This book addresses key conceptual issues relating to the modern scientific and engineering use of computer simulations. It analyses a broad set of questions, from the nature of computer simulations to their epistemological power, including the many scientific, social and ethics implications of using computer simulations. The book is written in an easily accessible narrative, one that weaves together philosophical questions and scientific technicalities. It will thus appeal equally to all academic scientists, engineers, and researchers in industry interested in questions (...)
    Direct download (3 more)  
     
    Export citation  
     
    Bookmark   8 citations  
  9.  91
    The Simulation of Smiles (SIMS) Model: Embodied Simulation and the Meaning of Facial Expression.Paula M. Niedenthal, Martial Mermillod, Marcus Maringer & Ursula Hess - 2010 - Behavioral and Brain Sciences 33 (6):417.
    Recent application of theories of embodied or grounded cognition to the recognition and interpretation of facial expression of emotion has led to an explosion of research in psychology and the neurosciences. However, despite the accelerating number of reported findings, it remains unclear how the many component processes of emotion and their neural mechanisms actually support embodied simulation. Equally unclear is what triggers the use of embodied simulation versus perceptual or conceptual strategies in determining meaning. The present article integrates (...)
    Direct download (6 more)  
     
    Export citation  
     
    Bookmark   60 citations  
  10. Experiments, Simulations, and Epistemic Privilege.Emily C. Parke - 2014 - Philosophy of Science 81 (4):516-536.
    Experiments are commonly thought to have epistemic privilege over simulations. Two ideas underpin this belief: first, experiments generate greater inferential power than simulations, and second, simulations cannot surprise us the way experiments can. In this article I argue that neither of these claims is true of experiments versus simulations in general. We should give up the common practice of resting in-principle judgments about the epistemic value of cases of scientific inquiry on whether we classify those cases as experiments or simulations, (...)
    Direct download (11 more)  
     
    Export citation  
     
    Bookmark   39 citations  
  11. Mirroring, Simulating and Mindreading.Alvin I. Goldman - 2009 - Mind and Language 24 (2):235-252.
    Abstract: Pierre Jacob (2008) raises several problems for the alleged link between mirroring and mindreading. This response argues that the best mirroring-mindreading thesis would claim that mirror processes cause, rather than constitute, selected acts of mindreading. Second, the best current evidence for mirror-based mindreading is not found in the motoric domain but in the domains of emotion and sensation, where the evidence (ignored by Jacob) is substantial. Finally, simulation theory should distinguish low-level simulation (mirroring) and high-level simulation (...)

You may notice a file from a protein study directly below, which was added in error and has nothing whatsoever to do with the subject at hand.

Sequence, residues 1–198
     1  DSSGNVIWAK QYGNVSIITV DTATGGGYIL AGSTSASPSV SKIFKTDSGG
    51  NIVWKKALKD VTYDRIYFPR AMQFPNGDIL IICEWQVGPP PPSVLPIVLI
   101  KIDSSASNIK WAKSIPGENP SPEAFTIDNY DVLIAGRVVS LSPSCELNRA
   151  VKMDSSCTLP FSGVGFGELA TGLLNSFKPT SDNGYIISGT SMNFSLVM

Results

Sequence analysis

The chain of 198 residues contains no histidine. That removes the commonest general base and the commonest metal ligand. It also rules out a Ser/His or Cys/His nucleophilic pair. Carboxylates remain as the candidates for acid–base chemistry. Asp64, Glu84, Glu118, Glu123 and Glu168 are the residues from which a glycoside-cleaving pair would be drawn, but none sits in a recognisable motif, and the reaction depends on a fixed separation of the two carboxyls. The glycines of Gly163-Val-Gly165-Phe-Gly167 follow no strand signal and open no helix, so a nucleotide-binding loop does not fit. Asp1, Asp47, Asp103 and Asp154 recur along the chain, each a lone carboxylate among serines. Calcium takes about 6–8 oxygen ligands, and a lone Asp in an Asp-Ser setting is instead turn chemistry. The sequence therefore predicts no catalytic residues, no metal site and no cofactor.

Direct download (3 more)  
     
    Export citation  
     
    Bookmark   38 citations  
  12.  54
    Ancestor Simulations and the Dangers of Simulation Probes.David Braddon-Mitchell & Andrew J. Latham - forthcoming - Erkenntnis:1-11.
    Preston Greene (2020) argues that we should not conduct simulation investigations because of the risk that we might be terminated if our world is a simulation designed to research various counterfactuals about the world of the simulators. In response, we propose a sequence of arguments, most of which have the form of an "even if” response to anyone unmoved by our previous arguments. It runs thus: (i) if simulation is possible, then simulators are as likely to care (...)
    Direct download (3 more)  
     
    Export citation  
     
    Bookmark  
  13. Computer Simulation and the Features of Novel Empirical Data.Greg Lusk - 2016 - Studies in History and Philosophy of Science Part A 56:145-152.
    In an attempt to determine the epistemic status of computer simulation results, philosophers of science have recently explored the similarities and differences between computer simulations and experiments. One question that arises is whether and, if so, when, simulation results constitute novel empirical data. It is often supposed that computer simulation results could never be empirical or novel because simulations never interact with their targets, and cannot go beyond their programming. This paper argues against this position by examining (...)
    Direct download (4 more)  
     
    Export citation  
     
    Bookmark   8 citations  
  14.  42
    Computer Simulations, Machine Learning and the Laplacean Demon: Opacity in the Case of High Energy Physics.Florian J. Boge & Paul Grünke - forthcoming - In Andreas Kaminski, Michael Resch & Petra Gehring (eds.), The Science and Art of Simulation II.